For the first time in the last six quarters, Hyundai Motor Co. has managed to increase its operating cost thanks to a surge in demand for Sports Utility Vehicles. The South Korean automaker's recent introduction, its flagship offering, the Palisade has been at the centre of the action. In addition to this, decreased incentive spending in the US has also helped the cause. First quarter operating profits for the carmaker jumped to 824.9 billion won ($718 million), compared with the average analyst estimate of 777.3 billion won.
Euisun Chung, Hyundai's chairman-in-waiting is trying to convince investors that his planned push towards the introduction of new models which also includes electric vehicles is going to be a win-win strategy for the company in the long-run. The carmaker's entire SUV line-up which consists of sub-compact vehicles, as well as full-sized models, has now started to make their way to markets worldwide this year. This comes after continuous requests made by the shareholders to the company to reduce its dependence on sedans.
Hyundai's latest offering in the Sports Utility space, the Palisade has witnessed strong demand in the South Korean market. The carmaker plans to launch the same in the US sometime during the third quarter of this year. When launched, the Palisade is going to compete against the likes of Ford Explorer and the Toyota Highlander. In the Chinese market, with its old plant shutting down, Hyundai is under pressure to restructure its operations in accordance with strict environmental regulations and low profitability. Beijing Hyundai’s first-quarter auto sales fell by 18% to the lowest level since 2009, hit by slumping demand in the world’s largest auto market.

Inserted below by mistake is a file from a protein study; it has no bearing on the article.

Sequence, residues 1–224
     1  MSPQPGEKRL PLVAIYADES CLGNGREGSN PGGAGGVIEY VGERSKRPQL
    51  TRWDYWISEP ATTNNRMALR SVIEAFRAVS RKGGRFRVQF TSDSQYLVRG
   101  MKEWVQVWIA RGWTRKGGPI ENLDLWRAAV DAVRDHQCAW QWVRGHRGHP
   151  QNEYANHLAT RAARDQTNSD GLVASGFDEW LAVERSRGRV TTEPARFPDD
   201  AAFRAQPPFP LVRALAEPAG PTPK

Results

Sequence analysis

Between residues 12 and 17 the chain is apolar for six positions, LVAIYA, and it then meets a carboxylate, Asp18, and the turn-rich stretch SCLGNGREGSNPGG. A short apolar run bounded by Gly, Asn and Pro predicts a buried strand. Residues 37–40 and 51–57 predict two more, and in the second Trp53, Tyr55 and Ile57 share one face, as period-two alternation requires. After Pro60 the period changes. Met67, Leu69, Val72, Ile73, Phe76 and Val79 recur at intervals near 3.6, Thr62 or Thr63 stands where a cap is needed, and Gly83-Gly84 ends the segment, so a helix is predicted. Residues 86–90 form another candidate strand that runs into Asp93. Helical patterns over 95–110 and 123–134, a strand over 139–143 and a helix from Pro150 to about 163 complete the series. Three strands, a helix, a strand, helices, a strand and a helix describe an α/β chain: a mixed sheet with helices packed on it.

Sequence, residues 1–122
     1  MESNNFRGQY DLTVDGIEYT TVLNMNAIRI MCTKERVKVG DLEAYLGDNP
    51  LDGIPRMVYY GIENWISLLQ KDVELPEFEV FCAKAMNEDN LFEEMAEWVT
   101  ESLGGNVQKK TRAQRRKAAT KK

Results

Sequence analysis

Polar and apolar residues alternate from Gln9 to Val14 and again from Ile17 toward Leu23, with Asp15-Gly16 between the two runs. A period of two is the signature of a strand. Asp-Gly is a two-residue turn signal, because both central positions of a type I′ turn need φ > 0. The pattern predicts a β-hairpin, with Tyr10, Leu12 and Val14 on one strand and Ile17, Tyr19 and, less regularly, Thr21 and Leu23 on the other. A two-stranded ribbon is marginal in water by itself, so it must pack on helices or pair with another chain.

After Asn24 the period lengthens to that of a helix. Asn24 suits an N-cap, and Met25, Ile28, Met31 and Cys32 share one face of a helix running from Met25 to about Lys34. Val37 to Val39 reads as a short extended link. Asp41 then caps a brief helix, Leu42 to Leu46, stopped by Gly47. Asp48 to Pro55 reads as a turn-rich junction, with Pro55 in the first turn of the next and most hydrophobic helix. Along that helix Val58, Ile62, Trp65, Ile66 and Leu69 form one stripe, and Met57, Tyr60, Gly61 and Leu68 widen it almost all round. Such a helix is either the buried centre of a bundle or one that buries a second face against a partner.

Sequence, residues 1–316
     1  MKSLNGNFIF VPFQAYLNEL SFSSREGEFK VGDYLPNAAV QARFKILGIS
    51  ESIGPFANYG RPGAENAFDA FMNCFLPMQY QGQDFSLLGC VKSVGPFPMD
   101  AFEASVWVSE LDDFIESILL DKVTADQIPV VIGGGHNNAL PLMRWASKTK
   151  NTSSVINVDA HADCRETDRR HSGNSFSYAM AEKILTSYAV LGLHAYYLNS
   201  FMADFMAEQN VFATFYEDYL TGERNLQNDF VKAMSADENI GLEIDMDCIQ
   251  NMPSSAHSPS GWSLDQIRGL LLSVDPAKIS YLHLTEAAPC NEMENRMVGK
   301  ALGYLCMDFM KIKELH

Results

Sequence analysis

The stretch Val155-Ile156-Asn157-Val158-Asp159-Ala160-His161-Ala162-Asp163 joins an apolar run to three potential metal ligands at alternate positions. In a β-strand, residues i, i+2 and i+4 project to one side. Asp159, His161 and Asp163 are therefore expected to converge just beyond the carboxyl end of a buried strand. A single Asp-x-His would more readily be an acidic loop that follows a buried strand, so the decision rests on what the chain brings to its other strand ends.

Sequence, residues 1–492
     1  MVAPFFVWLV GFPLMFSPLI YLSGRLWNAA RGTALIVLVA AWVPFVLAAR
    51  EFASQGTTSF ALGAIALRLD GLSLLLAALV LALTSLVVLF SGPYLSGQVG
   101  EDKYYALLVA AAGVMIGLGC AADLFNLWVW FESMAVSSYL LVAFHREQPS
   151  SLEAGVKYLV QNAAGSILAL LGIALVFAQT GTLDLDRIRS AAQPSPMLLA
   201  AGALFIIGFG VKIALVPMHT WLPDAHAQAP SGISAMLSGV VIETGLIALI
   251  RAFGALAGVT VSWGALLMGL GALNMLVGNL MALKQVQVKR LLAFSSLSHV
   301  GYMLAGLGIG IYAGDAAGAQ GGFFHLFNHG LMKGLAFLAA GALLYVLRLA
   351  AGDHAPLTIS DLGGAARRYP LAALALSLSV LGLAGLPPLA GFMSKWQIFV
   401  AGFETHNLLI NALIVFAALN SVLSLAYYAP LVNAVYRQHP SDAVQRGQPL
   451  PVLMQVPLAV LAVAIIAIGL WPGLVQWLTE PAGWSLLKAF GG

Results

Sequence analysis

Shares of Hyundai rose 1.8% to 138,500 won in Seoul. The stock has gained 17% this year.
Hyundai is working towards improving its profitability this year, with new models including a compact SUV and a luxury Genesis SUV set to be introduced in 2019. With Palisade demand exceeding expectations in South Korea, Hyundai is considering expanding production as it prepares to start exporting the model to the U.S. Regarding U.S. authorities’ ongoing probes on Theta engines, Hyundai Senior Vice President Koo Zayong said it’s difficult to estimate when the investigation will end, adding costs related to quality issues could continue to rise due to tougher regulations.